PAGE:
A geometric, sans-serif typeface created from repurposed hand lettering on a 1901 CNJ steam locomotive. Drawing inspiration from industry and technology, Castor captures an aesthetic that celebrates human endeavor beyond the 21st century.
I was responsible for creating 14 of the characters as well being the "Type Master" of our team. That essentially means I was responsible for taking everyone's characters from Illustrator and putting them into Glyphs to create the final .otf file, going over small construction details and kerning to ensure consistency.
We found our inspiration for Castor Sans on the side of a 1901 CNJ steam locomotive. Based on the letters depecited, we started handrawing the forms on vellum for quick iterations to develop the style and key measurements for the rest of the typeface. We iterated on these concepts for two weeks.
After defining our key measurements from hand drawing our letters we took those measurements and recreated all of our letters in Illustrator. This also resulted in many weeks of iterations, further refining consistency and form.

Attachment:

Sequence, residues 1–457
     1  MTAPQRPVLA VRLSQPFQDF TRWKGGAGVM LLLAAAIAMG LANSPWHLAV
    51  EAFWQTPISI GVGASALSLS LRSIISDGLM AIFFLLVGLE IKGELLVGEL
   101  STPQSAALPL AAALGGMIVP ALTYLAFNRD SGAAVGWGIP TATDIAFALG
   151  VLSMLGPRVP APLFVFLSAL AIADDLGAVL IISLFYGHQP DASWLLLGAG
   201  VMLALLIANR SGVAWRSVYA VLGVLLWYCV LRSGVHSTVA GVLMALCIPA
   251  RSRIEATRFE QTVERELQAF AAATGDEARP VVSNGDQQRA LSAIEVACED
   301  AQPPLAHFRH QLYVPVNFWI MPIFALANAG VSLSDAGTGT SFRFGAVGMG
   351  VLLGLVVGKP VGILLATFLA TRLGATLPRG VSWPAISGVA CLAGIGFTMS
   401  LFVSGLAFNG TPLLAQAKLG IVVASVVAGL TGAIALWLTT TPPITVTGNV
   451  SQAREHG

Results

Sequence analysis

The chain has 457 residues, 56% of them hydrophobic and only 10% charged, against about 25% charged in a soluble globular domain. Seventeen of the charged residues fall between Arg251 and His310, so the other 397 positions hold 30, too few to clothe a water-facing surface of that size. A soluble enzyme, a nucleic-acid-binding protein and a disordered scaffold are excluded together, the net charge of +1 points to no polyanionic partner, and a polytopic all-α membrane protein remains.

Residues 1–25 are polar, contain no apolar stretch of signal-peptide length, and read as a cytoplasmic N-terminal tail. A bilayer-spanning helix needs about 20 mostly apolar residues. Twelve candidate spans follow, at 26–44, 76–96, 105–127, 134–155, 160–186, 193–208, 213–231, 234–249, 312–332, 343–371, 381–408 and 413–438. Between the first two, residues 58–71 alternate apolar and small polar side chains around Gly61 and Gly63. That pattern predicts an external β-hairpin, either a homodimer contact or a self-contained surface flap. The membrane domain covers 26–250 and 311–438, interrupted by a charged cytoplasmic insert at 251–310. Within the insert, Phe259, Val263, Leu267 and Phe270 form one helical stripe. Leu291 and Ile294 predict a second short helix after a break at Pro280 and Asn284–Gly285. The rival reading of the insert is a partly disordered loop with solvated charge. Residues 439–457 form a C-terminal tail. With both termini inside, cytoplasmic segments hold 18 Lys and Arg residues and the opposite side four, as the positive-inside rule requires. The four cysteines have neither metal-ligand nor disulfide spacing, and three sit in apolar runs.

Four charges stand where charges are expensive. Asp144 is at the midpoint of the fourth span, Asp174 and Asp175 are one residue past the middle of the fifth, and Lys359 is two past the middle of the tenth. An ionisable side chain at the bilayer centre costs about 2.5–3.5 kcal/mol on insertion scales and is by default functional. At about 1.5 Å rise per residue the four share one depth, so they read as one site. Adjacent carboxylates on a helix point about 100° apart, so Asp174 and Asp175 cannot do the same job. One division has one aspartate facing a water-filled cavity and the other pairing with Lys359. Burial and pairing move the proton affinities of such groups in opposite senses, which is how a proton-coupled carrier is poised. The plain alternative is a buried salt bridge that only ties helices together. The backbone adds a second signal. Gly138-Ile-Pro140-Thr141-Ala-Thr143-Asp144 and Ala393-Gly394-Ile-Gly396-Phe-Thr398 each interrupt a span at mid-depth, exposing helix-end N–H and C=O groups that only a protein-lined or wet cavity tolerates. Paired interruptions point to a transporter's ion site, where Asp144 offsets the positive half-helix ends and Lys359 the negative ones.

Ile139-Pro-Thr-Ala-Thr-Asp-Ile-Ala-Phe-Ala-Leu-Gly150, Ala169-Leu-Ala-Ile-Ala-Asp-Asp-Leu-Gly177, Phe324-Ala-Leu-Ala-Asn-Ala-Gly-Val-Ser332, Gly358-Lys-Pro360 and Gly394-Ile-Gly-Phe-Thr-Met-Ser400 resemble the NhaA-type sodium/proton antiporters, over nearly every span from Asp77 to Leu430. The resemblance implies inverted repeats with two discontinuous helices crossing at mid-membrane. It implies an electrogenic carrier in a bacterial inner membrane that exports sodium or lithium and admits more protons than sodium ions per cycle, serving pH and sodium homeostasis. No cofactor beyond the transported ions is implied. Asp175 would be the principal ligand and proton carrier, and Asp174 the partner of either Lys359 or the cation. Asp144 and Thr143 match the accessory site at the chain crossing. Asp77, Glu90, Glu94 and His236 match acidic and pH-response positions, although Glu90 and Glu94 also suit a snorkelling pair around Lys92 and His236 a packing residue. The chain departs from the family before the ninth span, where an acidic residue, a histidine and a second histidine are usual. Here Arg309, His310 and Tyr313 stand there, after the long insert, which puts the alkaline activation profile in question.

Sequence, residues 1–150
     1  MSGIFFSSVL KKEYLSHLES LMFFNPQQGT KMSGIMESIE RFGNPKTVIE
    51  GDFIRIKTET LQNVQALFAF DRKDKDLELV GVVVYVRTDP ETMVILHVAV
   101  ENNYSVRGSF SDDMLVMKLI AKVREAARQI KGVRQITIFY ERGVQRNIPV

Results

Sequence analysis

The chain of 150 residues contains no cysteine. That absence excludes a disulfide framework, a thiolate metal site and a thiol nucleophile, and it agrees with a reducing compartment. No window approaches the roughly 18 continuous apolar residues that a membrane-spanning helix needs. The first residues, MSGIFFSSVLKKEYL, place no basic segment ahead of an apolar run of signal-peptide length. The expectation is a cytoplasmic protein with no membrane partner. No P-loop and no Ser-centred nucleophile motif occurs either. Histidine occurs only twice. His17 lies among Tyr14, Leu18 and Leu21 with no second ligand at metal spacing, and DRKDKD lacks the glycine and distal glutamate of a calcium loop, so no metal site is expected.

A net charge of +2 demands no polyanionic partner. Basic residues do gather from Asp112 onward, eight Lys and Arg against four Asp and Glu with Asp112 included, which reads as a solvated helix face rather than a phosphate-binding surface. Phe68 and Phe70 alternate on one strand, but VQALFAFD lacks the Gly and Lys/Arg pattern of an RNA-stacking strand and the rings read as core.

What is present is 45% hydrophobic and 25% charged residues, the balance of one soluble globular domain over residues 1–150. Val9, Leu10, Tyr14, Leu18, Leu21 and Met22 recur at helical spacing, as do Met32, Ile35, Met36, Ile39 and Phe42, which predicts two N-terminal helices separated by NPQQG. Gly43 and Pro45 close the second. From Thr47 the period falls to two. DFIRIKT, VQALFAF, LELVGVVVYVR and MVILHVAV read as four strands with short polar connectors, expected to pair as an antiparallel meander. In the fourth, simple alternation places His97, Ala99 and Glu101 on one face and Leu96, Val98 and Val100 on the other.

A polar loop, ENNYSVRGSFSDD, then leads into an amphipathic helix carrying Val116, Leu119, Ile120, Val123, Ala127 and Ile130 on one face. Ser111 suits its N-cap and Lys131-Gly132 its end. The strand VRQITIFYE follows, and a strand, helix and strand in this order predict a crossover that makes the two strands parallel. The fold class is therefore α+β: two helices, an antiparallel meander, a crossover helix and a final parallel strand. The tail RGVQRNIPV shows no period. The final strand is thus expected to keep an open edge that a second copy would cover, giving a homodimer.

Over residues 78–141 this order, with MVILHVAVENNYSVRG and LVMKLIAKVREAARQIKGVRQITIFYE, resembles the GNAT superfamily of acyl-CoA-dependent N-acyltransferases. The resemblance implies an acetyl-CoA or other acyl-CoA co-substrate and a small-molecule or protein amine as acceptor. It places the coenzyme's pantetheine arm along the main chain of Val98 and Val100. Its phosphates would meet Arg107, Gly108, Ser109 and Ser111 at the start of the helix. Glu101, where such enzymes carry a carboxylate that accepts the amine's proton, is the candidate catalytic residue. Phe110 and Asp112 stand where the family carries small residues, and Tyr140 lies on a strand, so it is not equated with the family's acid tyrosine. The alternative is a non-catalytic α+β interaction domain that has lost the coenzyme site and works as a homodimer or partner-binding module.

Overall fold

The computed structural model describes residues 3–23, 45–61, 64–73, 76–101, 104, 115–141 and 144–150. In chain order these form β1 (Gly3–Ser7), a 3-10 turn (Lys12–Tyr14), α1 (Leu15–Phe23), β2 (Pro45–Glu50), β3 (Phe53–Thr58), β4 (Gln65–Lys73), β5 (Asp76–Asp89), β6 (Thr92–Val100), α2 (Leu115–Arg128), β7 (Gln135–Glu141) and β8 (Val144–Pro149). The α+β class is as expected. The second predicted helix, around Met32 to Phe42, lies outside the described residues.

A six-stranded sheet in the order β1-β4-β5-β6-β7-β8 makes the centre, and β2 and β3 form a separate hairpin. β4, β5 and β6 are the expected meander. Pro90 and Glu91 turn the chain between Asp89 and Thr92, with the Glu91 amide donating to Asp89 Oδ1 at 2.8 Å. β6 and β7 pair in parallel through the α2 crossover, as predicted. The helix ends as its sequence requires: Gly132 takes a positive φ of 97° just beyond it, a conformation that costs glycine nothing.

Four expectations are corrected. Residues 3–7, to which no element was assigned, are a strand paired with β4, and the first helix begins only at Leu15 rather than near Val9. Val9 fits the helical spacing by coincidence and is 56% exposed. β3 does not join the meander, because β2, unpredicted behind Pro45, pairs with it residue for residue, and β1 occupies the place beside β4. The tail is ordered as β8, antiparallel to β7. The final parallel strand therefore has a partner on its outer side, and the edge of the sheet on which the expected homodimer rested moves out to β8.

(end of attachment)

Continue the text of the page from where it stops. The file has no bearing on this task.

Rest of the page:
After getting them to a good level in Illustrator we transferred our letters to Glyphs to create the final .otf file and define our kerning measurements. I complied everyone's Glyph files into a final .otf, ensuring consistency in the form and kerning.
I had a ton of fun working on this project not only because designing a typeface was a good challenge but because of my great team members. When designing a typeface, consistency is key and that means we had to work very closely together at all times when developing this. Everyone put in a really good effort and I feel that we were all happy with the outcome.